Not to imply that the GM should be the behavior police for the party (unless it's somehow a factor in the story/characters), but what do you do when part of the party is clearly more ready for evil deeds than others in the party. Case in point - the group catches up with a set of individuals who have what they need. They overpower them and get the plot device. One of the players simply states, "Alright - we got what we need, space 'em." This was clearly not the intention of one of the players as he left out a shocked "BWA!?" and the group was then forced to re-work a plan of action or draw lines in the sand.

As the DM do you offer a set of non-lethal compromises? Do you just let the players fight it out? It was an interesting dilemma and luckily for me the PCs settled without resorting to murdering each other....for now..

Sunday, April 25, 2010

Wild Talents - A review

A few days ago I posted up my first impression on the Wild Talents system, but I'd like to take a slightly more in-depth look at it now. For a basic overview, it's a superhero rpg based without a specific world setting.

-simple core mechanic: The base mechanic is dice pool. You roll the applicable pool dice and match numbers. The higher the number matched equals a better success and the more times that number comes up the faster you succeed. See. In one sentence i've explained the core of the system. I hope I don't get yelled at for that.

-flexible character creation system: Although the book supplies a pre-made "miracle cafe" of powers and skills to use the player is free to build their abilities from the ground up through a point buy system. This allows the player the create any possible combination of powers.

-loyalty and passion: I have to give +1 point to any system that has motivations built in for character creation, so this system is no exception.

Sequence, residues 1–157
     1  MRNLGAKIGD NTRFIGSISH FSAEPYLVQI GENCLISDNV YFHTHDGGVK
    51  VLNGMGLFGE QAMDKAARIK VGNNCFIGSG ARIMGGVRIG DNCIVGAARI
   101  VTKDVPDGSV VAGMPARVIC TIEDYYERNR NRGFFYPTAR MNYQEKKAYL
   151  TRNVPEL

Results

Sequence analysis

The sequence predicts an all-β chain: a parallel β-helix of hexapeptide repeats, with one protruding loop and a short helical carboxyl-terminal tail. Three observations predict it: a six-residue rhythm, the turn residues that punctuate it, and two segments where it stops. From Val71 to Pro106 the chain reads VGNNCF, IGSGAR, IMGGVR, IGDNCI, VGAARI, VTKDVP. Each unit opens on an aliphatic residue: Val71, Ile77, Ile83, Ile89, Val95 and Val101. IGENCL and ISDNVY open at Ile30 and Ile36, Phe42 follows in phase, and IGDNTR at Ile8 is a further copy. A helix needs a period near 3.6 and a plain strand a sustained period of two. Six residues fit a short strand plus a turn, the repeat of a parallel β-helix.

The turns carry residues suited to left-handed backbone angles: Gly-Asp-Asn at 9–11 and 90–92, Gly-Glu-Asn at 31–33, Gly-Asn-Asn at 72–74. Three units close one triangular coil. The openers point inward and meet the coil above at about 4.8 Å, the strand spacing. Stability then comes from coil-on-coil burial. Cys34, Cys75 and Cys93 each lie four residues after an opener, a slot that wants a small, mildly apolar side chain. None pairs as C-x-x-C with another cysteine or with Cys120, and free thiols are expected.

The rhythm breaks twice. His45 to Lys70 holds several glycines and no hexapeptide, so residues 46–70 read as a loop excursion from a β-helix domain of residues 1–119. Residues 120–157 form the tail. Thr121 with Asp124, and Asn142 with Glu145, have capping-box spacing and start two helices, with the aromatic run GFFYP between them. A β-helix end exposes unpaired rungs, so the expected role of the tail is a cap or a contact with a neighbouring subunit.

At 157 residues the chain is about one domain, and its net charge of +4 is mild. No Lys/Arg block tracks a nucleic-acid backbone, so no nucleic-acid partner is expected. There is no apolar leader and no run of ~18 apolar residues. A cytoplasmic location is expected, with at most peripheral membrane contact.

-System flaws: Due to the way the system is built the player can take set dice to build up powers and skills. This means by spending a small amount in character creation gives the player the ability to set a power to always come in sets of 10. In short, the player can critical headshot with every attack action. Again, this is easily addressed during character creation between you and the players, but still it's a shame to see a built-in flaw in the system.

-flexible character creation system: See what I did there? The free-form building system can be a bit daunting for newer players or less advanced gamers.

-Poorly defined combat mechanics: Not a deal breaker for all players, but this system doesn't seem to easily fit a hack and slasher.

Overall, it's a good system but I don't see it replacing our weekly game system anytime soon. We will run a full campaign in it and it's a great exploration into a future-set 'super power' game.

Wednesday, April 21, 2010

New up on the PDF front

Just a reminder that part 2 of the Kingmaker series is now out (my copy is in the mail) and the PDF version will be out 4/28. More details here:

Hooray for opening up the digital vein!